# Practical handling of Dynamic Time Warping for time-series with unequal sampling frequency (irregular time series)

Hi all and thank you for taking time to read this.

When I read the general literature about dynamical time warping (and the vignette for the $$\texttt{R}$$ package $$\texttt{dtw}$$), the time series seem to be given at the same time index. They are not of the same length, and I do know you can do a warping that does not require the beginning and ending of the series to match, but it seems to me, that the time distance between measurements is always the same. I might be reading it all wrong, but as I see it I need two time series complying to the following in order to compare them: $$X = (X_t)_{t \in \{1,\dots n\}}$$ and $$Y = (Y_t)_{t \in \{1,\dots m\}}$$ where the time between observations $$X_t$$ and $$X_{t+1}$$ is the same as between $$Y_h$$ and $$Y_{h+1}$$ $$\forall (t,h) \in \{1,\dots n\}\times\{1,\dots m\}$$ (namely index 1).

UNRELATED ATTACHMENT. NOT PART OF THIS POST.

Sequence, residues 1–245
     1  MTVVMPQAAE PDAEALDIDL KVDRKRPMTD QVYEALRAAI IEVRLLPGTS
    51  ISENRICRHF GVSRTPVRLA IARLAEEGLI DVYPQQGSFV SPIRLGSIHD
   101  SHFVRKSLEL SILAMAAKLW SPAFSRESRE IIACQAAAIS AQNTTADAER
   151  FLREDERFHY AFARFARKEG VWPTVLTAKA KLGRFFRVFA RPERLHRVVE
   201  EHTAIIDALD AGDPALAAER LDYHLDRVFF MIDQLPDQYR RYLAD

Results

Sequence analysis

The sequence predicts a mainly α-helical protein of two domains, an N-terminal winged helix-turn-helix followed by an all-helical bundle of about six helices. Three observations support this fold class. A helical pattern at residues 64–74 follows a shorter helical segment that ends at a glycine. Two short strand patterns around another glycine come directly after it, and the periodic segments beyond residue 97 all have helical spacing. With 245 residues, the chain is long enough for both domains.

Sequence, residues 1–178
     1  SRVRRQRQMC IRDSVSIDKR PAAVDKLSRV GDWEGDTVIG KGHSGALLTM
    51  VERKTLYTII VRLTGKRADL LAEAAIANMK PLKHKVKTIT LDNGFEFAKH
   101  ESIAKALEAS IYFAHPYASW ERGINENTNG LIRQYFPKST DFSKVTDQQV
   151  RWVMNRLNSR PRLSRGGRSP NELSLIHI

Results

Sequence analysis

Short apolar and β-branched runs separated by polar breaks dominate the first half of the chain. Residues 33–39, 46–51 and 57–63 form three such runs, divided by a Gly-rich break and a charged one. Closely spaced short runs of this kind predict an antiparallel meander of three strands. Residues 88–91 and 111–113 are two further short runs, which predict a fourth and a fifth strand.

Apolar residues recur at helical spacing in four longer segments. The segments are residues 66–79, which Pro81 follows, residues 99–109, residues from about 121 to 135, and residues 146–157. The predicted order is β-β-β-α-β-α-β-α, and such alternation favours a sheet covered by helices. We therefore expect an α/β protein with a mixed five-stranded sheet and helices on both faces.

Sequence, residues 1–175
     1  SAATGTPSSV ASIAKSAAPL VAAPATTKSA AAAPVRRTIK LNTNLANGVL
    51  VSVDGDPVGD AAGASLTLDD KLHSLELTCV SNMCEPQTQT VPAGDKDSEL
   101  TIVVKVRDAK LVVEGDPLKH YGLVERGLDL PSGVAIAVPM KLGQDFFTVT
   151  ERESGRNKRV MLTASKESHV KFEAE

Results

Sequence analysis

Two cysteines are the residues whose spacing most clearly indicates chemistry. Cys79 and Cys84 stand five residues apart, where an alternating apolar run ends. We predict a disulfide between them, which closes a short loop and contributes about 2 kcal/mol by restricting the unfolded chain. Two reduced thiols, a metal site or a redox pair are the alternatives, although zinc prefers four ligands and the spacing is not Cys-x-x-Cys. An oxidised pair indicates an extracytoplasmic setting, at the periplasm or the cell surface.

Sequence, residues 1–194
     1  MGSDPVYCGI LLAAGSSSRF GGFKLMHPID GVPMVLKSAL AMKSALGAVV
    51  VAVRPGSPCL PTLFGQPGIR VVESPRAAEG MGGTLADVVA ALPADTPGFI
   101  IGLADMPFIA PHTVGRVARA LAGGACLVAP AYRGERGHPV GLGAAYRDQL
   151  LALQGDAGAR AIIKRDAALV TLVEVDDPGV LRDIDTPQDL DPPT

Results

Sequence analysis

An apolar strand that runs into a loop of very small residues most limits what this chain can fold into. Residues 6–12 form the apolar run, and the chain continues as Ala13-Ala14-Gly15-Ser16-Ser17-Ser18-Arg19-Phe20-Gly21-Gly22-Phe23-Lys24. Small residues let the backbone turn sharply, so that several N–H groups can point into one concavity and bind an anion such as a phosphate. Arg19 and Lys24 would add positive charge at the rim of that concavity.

However I have two time series looking like this: $$X = (X_{t_i})_{t_i \in \{t_1,\dots t_n\}}$$ and $$Y = (Y_{h_j})_{h_j\in \{h_1,\dots h_m\}}$$ where $$d(t_i,t_{i+1})\neq d(h_j,h_{j+i})$$ (just plain euclidean distance $$d$$). You could think of them both as independently randomly sampled in time. Now it seems to me that what I should do is to do some kind of interpolation of each time series separately, extract series $$X'_t$$ and $$Y'_t$$ and warp these? I can of cause (if I do not care about calculation time) make the smallest set of equidistantly sampled time points which include all my actually sampled time points - but that could be somewhat cumbersome. I guess my question is - what do you usually do? Just low key practical handling of the issue?